There are some stars you don’t want to have a connection with at all. There are whole neighborhoods of Beverly Hills that make me want to take that secret dog pill that turns you into a mutt well away from the homo saps. But because of fossils and chimps, DNA, and the sad, fragile smile of Sissy Spacek, we are linked to the stars, by far more than cartilage.

Tuesday, July 20, 2010

my daughter returns from camp

There was a mouse in our room! And the beds were dirty. We ate breakfast too early, and then two hours later we had lunch and that was too early. And then we had to wait six hours for dinner! We were so hungry! And there was a pissoir in our room! And it stunk in there because there was some problem with the drainage.

Wednesday, July 14, 2010


i must be quiet now. i've broken up with my wrists.
hope to patch things up. soon.

Friday, July 09, 2010

i'll just get off up a ways

I was thinking this morning, when was the last time I had a Bloody Mary? I was probably in my twenties. I think it was at my friend Amy's (first) wedding, where I wore pale pink and stood under the chuppah with her. When I see a picture of a Bloody Mary, I think, wow, those are delicious. But in fact they are not delicious, and wine is my swami. Actually I don't care about Bloody Marys and don't want to see pictures of them. I want to move to Copenhagen and live under a canopy made of intricately cut paper, open on all four sides to symbolize, as Abraham and Sarah's tent did, boundless hospitality.

Song of the day: Coyote

Thursday, July 08, 2010

I read. I spread joy.

I don’t know anymore what “frequently” means but I frequently review books over at Good Reads. I usually don’t post the reviews here because why should I. But I bought a chapbook recently on a whim and because I liked it so much, I thought why not. It’s Frank Montesonti’s A Civic Pageant.

To be honest when the chapbook arrived I feared I was about to add it to the buyer’s remorse blob I’ve been working on in my garage. The title struck me suddenly as pompous, and the cover design gave me a “huh?” moment (a rudimentary dinosaur in a tie and hat smoking a cigarette. Maybe it’s a joint. I don’t get the cover.). But the poems are great – sad and funny, heavy in a sneaky, casual way. More than once I was brought to tears. This may have been hormones.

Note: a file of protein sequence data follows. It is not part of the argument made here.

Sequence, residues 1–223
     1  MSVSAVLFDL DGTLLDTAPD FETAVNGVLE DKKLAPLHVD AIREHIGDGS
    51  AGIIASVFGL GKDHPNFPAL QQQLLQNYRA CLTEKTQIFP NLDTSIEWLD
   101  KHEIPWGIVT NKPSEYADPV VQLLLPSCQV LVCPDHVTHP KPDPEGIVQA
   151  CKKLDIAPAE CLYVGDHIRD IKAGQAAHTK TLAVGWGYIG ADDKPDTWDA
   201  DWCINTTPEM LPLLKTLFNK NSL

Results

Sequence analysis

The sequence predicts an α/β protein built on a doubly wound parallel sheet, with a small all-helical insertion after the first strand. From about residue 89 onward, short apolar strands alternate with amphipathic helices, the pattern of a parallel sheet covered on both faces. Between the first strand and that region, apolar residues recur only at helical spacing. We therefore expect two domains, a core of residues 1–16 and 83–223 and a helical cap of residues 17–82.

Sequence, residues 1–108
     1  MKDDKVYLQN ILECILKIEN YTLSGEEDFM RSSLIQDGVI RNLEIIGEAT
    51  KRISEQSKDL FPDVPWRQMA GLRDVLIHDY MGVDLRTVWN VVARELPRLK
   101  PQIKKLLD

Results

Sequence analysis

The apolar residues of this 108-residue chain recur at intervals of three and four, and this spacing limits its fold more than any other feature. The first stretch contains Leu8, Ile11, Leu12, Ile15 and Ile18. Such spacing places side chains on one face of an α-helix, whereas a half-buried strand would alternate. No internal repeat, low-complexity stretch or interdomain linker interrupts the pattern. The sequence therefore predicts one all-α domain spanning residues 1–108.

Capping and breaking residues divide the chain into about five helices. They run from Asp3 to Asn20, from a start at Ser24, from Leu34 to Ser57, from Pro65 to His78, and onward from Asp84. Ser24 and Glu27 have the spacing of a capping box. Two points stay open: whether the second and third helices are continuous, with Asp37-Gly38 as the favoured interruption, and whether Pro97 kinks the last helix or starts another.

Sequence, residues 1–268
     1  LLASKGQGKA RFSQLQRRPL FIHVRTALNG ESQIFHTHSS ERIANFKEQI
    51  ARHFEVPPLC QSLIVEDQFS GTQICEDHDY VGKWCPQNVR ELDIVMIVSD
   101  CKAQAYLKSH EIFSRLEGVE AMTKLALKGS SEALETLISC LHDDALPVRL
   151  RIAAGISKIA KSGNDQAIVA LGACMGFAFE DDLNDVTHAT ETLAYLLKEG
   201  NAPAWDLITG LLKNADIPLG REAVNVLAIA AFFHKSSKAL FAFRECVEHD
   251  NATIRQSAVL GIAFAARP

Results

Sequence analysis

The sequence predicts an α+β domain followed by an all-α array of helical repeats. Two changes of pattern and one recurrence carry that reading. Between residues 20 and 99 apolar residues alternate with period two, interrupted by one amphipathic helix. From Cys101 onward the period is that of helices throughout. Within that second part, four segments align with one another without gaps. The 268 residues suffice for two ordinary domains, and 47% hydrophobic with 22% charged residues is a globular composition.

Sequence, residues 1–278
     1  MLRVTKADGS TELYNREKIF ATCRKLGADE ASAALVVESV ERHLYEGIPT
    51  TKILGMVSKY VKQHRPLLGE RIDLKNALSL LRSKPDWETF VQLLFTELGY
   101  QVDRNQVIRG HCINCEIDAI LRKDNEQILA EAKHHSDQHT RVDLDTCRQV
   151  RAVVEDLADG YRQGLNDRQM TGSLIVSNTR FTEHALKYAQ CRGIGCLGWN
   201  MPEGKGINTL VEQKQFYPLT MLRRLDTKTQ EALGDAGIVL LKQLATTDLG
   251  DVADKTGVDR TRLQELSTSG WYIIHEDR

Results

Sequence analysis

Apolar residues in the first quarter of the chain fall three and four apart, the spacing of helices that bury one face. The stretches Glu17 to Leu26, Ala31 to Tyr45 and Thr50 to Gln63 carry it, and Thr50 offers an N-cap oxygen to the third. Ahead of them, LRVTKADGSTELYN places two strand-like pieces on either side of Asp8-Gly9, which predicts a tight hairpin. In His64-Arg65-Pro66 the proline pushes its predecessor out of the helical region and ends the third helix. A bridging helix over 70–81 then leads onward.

When I got to the poem “Faking It” I realized I’d read the poem years ago in an issue of Barrow Street and had even written the poet to say how much I liked it. (Other than that I swear I am not related to Frank Montesonti, nor have I ever met him, nor is he in any position I'm aware of that would make my own poetry better or more marketable even.) Many of the poems in this chapbook were even better than “Faking It,” which begins –

“My girlfriend has multiple orgasms. I’m not sure who is giving her these orgasms, but she’ll come home with a grocery sack and drop them on the table –

they look like tiny doorknobs made of bronze.”

Some of the poems have line breaks and stanzas but many of them appear on the page more like prose poems. “Faking It,” for example, starts off “shaped like prose” but then becomes poem. None of this bothered me. All the poems were inviting. The only poem “formats” that bother me are those where the poet throws two words on one page, two more words on the next page and instructs readers to slacken their jaws and say “wow.” I fail at this. But Mr. Montesonti doesn’t use that tricky format.

Among my favorites was “Redundancy of Light,” which starts seemingly seriously and turns funny –

“Outside this hotel room
rain falls as pure as its definition.
Call the French, tell them

there should be a word
for shadows of raindrops
on a hotel window.”

Many of the poems, and there are only 17 in the chapbook, refer to film or particular films. One starts with George Bailey from “It’s a Wonderful Life,” and another one of my favorites is “Quitclaim of the Wizard of Oz,” even though it has been dawning on me for years that I really don’t like “The Wizard of Oz.” I've never admitted this in public, or to myself, until now. There’s another called “Film Noir” and another with the long long title “Gratuitous Voice-Over at the End of a Film Reflecting on the Tribulations of the Plot and Coming Finally to an Epiphany.”

This is one of the best –if not the best- poetry collection I’ve read this year. It’s one of those in which everything in me says “yes, that’s right.”

Here’s a link to a poem (the George Bailey one) at 42Opus and a second one also from the book published at Diagram.

I thought Frank Montesonti was my secret discovery but I looked him up on Facebook and would you believe there’s a group called “Frank Montesonti is a Poetic God?” There is, and I joined it.

Monday, July 05, 2010


The voice of reason dropped by.
I wasn’t glad to see him.

Friday, July 02, 2010

the night of the shirts

So, as you probably know, W.S. Merwin is the new poet laureate. I’m not surprised. He’s won everything else but the Nobel Prize (which he should also win, as soon as possible). Making him poet laureate seems kind of superfluous. The first thing that came to my mind was that scene in "The Shining," where Jack Nicholson is told he’s always been the caretaker. In my mind, W.S. Merwin, too, has always been the caretaker. I'm a big Merwin admirer. He is a very serious man and a beautiful poet. (Jack Nicholson, on the other hand....)